The Internal Revenue Service is under fire from both parties for improperly targeting certain groups for additional scrutiny because their names included keywords such as “Tea Party” and “patriot.” But the challenge of addressing the skyrocketing numbers of “social welfare” groups registering for tax exempt status could be lessened by fixing the broken disclosure laws for political advertisers.
Since the Supreme Court’s controversial 5 to 4 ruling in the Citizens United v. FEC case in 2010, the IRS has seen a more than 100 percent increase in the number of groups applying for 501(c)(4) status — the section of the federal tax code that governs non-profit groups dedicated to social welfare — from 1,500 in 2010 to 3,400 in 2012.
Not all 501(c)(4) engage in political activity of any kind — the United States Chess Federation, for example, is a fairly apolitical group. Political 501(c)(4) groups are required to adhere to certain rules, including that they not be “primarily engaged” in electioneering activity. In a failed attempt to sort out which groups were apolitical and which needed additional scrutiny, the IRS reportedly tried a variety of ineffective screening methods, including flagging “patriot” groups as well as groups that focused on making “America a better place to live.”
As long as it is not their primary purpose, Citizens United allows (c)(4) groups to spend unlimited funds on “independent expenditure” ads aimed at swaying voters and the deadlocked Federal Election Commission allows these groups to avoid any disclosure of who bankrolls these advertisements. And since the 2002 law governing political advertisements came before the ruling, it does not adequately address the specific issue of disclosure for independent expenditure ads.
Because of this loophole, groups seeking to influence elections through campaign ads groups and to avoid having to make their donors public have often registered as (c)(4)s, rather than as super PACs (tax-exempt groups which can also raise and spend unlimited amounts on “independent expenditures,” but must make public all large donors). After bankrolling super PACs in the 2012 elections, mega-donors including millionaire investor Foster Friess and billionaire casino mogul Sheldon Adelson have vowed to keep future political spending secret, by giving to opaque 501(c)(4) committees instead. And good government groups have demanded the IRS investigate whether (c)(4)s like Crossroads GPS, the Commission on Growth, Hope and Opportunity, and the American Future Fund are really just super PACs in disguise.
The guidelines for what is and is not an acceptable level of political activity for a (c)(4) has never been clear — a vague “primary purpose” test — and has been little enforced. With limited staff and resources, even before massive furloughs forced by the sequester, the IRS has proved ill-equipped to monitor which (c)(4)s are really (c)(4)s and which ones are pretenders.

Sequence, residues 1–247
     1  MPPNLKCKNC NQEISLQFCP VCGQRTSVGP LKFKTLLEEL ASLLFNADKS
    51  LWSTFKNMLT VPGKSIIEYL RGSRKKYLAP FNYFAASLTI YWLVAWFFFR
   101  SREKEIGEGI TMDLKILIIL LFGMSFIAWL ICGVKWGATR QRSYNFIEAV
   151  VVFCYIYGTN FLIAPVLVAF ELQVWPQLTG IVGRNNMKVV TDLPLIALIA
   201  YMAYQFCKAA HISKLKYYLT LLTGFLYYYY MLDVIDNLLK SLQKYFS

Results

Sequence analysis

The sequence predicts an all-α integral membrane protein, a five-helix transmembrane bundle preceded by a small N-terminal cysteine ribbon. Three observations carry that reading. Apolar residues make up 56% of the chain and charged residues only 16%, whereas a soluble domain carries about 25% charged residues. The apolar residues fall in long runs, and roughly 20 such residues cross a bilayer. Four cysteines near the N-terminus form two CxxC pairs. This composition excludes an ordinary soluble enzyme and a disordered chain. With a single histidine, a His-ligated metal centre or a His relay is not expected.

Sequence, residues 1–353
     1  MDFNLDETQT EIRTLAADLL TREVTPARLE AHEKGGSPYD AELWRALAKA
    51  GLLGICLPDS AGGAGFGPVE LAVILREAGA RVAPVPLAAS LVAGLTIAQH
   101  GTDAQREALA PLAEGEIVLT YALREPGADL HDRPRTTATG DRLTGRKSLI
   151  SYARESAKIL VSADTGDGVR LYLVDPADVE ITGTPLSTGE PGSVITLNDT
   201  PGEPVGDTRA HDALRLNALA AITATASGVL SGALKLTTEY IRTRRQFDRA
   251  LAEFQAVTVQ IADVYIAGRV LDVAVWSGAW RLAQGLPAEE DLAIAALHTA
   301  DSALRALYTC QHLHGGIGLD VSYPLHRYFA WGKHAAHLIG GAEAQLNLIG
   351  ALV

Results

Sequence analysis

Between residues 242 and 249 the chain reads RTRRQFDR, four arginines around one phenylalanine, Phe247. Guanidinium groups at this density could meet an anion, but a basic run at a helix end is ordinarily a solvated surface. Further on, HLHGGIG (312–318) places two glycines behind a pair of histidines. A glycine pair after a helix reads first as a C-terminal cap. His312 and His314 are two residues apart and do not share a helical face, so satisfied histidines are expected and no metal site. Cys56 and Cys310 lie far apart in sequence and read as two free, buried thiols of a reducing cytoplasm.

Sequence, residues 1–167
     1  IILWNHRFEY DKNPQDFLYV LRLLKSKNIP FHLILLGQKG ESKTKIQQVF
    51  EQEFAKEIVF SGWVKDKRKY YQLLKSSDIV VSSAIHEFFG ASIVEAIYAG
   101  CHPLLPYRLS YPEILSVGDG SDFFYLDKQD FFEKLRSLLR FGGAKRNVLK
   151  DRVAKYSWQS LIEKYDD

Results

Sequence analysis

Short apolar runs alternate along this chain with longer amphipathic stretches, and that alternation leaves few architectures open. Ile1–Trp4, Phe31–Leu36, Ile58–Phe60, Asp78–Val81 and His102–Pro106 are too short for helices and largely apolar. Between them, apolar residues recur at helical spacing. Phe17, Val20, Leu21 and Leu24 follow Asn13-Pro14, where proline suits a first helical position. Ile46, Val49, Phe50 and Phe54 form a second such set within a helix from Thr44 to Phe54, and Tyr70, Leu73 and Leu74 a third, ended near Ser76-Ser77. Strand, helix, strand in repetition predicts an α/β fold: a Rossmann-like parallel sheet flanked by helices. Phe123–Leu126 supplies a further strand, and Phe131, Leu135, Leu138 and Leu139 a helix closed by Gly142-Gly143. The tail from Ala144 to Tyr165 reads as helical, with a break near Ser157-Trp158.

Congressional Republicans have thus far blocked efforts to require disclosure of political ad spending by (c)(4) groups. The proposed DISCLOSE Act and the Follow the Money Act would help bring parity to the disclosure rules goverrning independent campaign ads, without impeding on the legitimate activity of (c)(4)s. But if groups like Crossroads GPS were required to disclose the major donors behind their $70 million-plus campaign ad spending, there would be little incentive for them to masquerade as social welfare groups.
If Congress simply treated all spending on independent campaign advertisements uniformly — allowing voters to know who was really speaking and to evaluate the speech accordingly — the IRS would not have to use these clearly imperfect tests to decide what is and isn’t a legitimate 501(c)(4).
Note: ThinkProgress is a project of the Center for American Progress Action Fund (CAPAF), which has been recognized by the IRS as a 501(c)(4) organization. CAPAF does not endorse candidates, nor does it fund “independent expenditures” or any other kind of candidate-related advertising.
Senate Majority Leader Harry Reid (D-NV) told reporters Tuesday that the IRS is not the agency best equipped to oversee political groups. “DISCLOSE would have taken the IRS out of the business of investigating these groups.” He noted that “not a single Republican voted for” the measure in the Senate, asking “where was the outrage from the Republicans then?” House Democratic Leader Nancy Pelosi made similar arguments Monday. Senate Minority Leader Mitch McConnell (R-KY) told reporters Tuesday that he continues to oppose the DISCLOSE Act, inaccurately claiming it was “designed to give the IRS even more power, directly, to silence the critics of this administration.”